Saying "yes" when you should be saying "no." It’s easy to give in to temptation on this one.
Ever stretched your "yes" a little too far? Ever found yourself in quicksand with a project where "no" would have been the smarter response?
Ever hear yourself asking, "how did I get into this mess?"
We all want to help as many people as possible. We want to say "yes."
And, candidly, there are times when saying "yes" means you can pay the bills.
Saying "Yes" When You Should be Saying "No?" What’s the Down Side?
So, you find yourself saying "yes" when you should be saying "no." What’s the downside to you of following this path?
- Stress, struggle or desperation for you
- Extended turnaround time on the project or proposal
- Dissatisfied clients
- Loss of reputation and credibility
- Snarky comments about you online
On the other hand, what about saying "no" when you should say "no?" What’s the upside?
- Instant credibility with the client
- Peace of mind for you
- Low stress
- Strong reputation
- Likelihood of referrals
A Simple Model of Setting Expectations for "No"
So, if you were going to start saying "no" when you should be saying "no," what would it sound like when you’re talking to your prospect?
Wanda, as we explore what you’re looking for, we get to ask each other some questions. I make you this promise – if I can’t help solve your problem, if I’m not the right expert for you, I promise I’ll say so. No maybe’s, no hedging. Is that fair?
If you’re Wanda, isn’t this kind of straightforward approach the last thing you’re expecting? Where’s the shark move in that? Why isn’t someone going for the jugular?
By saying "no" you’ve removed a big layer of your prospect’s armor. She is more open and receptive to the questions you ask – and to any suggestions you may have. She’s really engaged and listening to you, not planning her response to your next shark move.
Saying "Yes" – What About the Grey Area?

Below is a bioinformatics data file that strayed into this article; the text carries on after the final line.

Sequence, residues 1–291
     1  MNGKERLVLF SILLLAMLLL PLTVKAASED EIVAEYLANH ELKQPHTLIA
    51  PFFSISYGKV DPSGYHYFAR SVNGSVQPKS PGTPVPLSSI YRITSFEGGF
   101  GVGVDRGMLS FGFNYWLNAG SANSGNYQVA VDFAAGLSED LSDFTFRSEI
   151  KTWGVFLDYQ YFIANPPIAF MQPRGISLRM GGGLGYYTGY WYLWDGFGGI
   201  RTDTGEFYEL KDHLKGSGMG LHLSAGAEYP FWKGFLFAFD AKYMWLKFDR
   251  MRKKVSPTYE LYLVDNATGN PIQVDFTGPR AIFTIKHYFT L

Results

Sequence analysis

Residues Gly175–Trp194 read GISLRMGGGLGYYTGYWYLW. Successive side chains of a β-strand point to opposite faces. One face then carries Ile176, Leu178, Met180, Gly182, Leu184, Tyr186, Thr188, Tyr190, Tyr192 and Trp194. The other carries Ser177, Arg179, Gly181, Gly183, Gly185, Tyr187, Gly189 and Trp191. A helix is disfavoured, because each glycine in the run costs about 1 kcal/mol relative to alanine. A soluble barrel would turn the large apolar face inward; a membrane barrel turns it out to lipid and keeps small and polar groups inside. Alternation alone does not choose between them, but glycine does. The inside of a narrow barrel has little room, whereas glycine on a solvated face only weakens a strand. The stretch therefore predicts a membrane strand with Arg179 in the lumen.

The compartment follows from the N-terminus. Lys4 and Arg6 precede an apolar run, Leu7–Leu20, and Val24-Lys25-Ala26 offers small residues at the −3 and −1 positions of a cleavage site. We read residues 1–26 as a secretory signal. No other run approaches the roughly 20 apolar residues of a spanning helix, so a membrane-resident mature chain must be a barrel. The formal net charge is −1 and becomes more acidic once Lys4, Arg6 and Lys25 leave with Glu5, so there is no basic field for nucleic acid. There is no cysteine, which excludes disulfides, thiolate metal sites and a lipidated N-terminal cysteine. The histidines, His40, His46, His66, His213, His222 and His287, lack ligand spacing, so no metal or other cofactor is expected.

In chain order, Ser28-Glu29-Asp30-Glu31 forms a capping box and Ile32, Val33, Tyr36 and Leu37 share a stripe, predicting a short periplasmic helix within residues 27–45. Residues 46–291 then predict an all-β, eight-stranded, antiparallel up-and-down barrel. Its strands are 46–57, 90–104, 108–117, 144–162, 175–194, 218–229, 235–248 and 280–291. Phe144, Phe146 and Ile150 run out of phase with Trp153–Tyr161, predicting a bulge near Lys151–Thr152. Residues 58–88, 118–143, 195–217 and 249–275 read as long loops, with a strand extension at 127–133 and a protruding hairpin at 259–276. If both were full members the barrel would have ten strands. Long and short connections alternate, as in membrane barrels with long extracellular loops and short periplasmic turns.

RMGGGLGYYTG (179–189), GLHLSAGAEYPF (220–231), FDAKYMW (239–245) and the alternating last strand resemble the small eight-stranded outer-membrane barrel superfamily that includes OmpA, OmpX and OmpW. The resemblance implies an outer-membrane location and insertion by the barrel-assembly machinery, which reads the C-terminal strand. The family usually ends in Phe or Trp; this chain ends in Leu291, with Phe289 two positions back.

We all want to help as many people as possible. And, candidly, there are times when saying "yes" means you can pay the bills.
There are also times when saying "yes" can help you grow and stretch a little – and to do a better job of delivering your product or service in the interest of helping your prospective client.
I’m not saying you shouldn’t stretch a little. I’ve gotten some of my best clients with a little stretch. Just don’t go overboard – and avoid saying "yes" when your intuition is telling you that a "no" will save you a lot of heartache in the long run.
If you look at the upsides and at the potential increase in your effectiveness, isn’t it about time you started saying "no" when you should say "no?"
Take Action – Make This Your Own
This week, take a look at the times you say "yes." Should you be saying "no?"
- Be clear – Does your "yes" come from a desire to stretch or from desperation?
- Use the model I’ve outlined here for easy conversation.
- Is the stretch a good fit, a small extension of your services?
If you’re finding yourself wanting to stretch a lot, or very frequently, take a strong review of your services and/or business model. Does something major need to change so you feel challenged and fulfilled.
Think of saying "no" like building a muscle. When you go to the gym the first time, you can’t bench press your own weight. You may be lucky to get one set of reps with five pound weights. But if you persevere, the results can be truly amazing over time – and more than worth the effort.
You can also check out these related posts:
Bullied or Intimidated by Prospects or Clients? 4 Key Steps That May Be Missing
Asking for the Business – Do You Feel Like You’re Begging?
“The Customer’s Always Right – Oh, Yeah?” 4 Tips for Handling Difficult Customers
Share a comment: what benefit have you found from saying "no" when you should?